Where the Pop disc failed in cohesion, the Incidental/Lounge disc succeeds. There’s a unified sensibility throughout this disc as it perks up and trances out. Quite frankly I’m not sure that a lot of this qualifies as incidental or lounge (some of the grand orchestral bits I wouldn’t say are either, some feel more like jazz than lounge), but in any case it’s fitting space-age bachelor pad music for your hi-fi.
As noted in “anew 34″, this disc of the compilation hits its height with Holst’s “Mars, Bringer of War”, but that’s not to say it’s the only high point. The jazzy instrumental version of Lunar Rhapsody (the vocal version featured on Disc 3) is included here, followed the plundering “Man From Mars” by Ferrante & Teicher which actually reminds me of a space-age version of the Sandbaggers theme.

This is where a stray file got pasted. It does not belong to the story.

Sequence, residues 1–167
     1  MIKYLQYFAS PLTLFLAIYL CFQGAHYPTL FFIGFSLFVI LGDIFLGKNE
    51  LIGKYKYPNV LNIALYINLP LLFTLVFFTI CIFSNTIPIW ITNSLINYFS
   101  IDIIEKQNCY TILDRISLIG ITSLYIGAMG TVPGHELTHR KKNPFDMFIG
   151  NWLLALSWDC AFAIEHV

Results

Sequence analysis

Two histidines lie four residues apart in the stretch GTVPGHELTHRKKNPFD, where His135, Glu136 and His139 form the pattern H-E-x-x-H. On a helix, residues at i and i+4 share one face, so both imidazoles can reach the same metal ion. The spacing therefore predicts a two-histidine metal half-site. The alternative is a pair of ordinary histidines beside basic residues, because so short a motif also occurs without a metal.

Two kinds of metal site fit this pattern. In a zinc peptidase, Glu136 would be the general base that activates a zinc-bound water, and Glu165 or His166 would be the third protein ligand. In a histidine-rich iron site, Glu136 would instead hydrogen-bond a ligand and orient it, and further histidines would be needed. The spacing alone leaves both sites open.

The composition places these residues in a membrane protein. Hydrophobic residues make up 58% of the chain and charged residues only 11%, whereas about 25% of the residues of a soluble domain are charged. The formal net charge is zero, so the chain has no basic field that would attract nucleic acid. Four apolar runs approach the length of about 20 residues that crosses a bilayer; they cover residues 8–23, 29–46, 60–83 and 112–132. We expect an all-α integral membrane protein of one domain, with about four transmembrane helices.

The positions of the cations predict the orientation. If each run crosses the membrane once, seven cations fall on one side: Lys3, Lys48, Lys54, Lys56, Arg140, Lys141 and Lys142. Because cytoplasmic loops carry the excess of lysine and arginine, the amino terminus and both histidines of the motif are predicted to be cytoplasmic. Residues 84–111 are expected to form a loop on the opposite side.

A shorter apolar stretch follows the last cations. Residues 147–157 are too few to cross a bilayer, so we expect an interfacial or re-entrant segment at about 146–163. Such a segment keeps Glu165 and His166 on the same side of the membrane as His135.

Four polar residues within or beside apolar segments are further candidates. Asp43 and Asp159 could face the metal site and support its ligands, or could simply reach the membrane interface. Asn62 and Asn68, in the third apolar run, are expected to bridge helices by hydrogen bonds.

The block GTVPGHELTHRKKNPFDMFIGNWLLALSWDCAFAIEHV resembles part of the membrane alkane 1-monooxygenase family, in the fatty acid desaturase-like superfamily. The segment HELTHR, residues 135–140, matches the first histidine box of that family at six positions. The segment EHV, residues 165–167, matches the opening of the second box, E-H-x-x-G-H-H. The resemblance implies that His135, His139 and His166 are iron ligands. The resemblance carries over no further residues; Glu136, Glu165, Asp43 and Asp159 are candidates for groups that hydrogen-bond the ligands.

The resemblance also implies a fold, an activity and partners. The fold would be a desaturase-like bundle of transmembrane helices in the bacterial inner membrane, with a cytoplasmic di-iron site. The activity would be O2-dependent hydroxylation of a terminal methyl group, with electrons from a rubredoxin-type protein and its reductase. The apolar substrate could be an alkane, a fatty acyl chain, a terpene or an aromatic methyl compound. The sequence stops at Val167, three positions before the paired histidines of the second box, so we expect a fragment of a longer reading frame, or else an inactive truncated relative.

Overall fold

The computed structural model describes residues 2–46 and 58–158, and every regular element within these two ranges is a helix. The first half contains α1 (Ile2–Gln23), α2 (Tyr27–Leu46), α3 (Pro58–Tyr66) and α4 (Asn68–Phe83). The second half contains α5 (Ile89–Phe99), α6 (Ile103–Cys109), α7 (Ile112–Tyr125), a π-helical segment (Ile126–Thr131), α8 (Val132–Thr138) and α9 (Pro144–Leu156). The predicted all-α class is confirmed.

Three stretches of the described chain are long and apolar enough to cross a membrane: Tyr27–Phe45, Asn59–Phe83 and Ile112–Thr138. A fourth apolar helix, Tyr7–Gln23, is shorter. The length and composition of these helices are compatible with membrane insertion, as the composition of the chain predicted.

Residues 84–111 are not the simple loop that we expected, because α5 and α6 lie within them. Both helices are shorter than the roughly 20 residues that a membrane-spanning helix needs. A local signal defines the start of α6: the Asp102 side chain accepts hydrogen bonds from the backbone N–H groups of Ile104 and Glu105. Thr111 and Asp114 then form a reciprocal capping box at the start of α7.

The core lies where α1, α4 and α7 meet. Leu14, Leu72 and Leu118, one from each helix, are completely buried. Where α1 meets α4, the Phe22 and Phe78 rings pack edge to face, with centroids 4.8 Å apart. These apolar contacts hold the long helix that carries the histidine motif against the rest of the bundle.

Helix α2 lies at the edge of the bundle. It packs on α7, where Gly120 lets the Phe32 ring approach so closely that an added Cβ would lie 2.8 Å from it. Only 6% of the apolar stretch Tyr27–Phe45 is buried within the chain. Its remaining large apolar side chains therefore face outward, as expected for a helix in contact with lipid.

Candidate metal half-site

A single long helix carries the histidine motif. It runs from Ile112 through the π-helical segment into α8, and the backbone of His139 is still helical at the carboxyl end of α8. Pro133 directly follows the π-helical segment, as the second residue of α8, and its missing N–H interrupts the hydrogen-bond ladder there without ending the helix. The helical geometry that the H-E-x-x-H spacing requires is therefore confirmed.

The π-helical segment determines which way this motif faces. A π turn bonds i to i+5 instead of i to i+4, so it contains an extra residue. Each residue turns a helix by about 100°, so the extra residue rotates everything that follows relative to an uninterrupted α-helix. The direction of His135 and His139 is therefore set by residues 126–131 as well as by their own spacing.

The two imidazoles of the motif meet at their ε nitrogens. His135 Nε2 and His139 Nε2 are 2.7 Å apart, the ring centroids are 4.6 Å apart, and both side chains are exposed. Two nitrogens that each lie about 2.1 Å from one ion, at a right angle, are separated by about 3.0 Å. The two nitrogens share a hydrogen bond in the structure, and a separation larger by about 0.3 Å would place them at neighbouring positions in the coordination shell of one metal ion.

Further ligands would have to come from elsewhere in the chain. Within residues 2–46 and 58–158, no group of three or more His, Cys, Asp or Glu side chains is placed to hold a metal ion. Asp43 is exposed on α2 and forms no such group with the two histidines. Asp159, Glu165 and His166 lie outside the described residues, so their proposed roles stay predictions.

It would seem the “incidental” aspect overpowers the “lounge” side of this collection, but there are some pretty interesting compositions here, what sound like extract from many a 50’s and 60’s sci-fi film soundtracks.
“Space Reflex” and “Moon Gas” by Dick Hyman (hehe) are probably the loungiest things get (though Sun Ra’s “Space is the Place” is pretty fly too) and the “Theremin Solo” by Dr. Samuel Hoffman is about as incidental as can be. Perrey-Kingsley’s “Cosmic Ballad” sounds like the starting point for the bouncy pop of the High Llamas and Stereolab in the 90’s. Billy Mure’s space-surf “Guitars In Space” doesn’t fare much different than the Tornados’ “Telstar” from the “Pop” side of things, so after the Movie & TV Themes Disk 1 & 2 (respectively), things get a little loose in the categorization department.
Things end off with a contribution from Leonard Nimoy, “Alien”, which is about as cheeky as you’d expect, followed by the coda “On Planet X” by David Garland and John Zorn which is like Aphex Twin by way of a David Lynch film.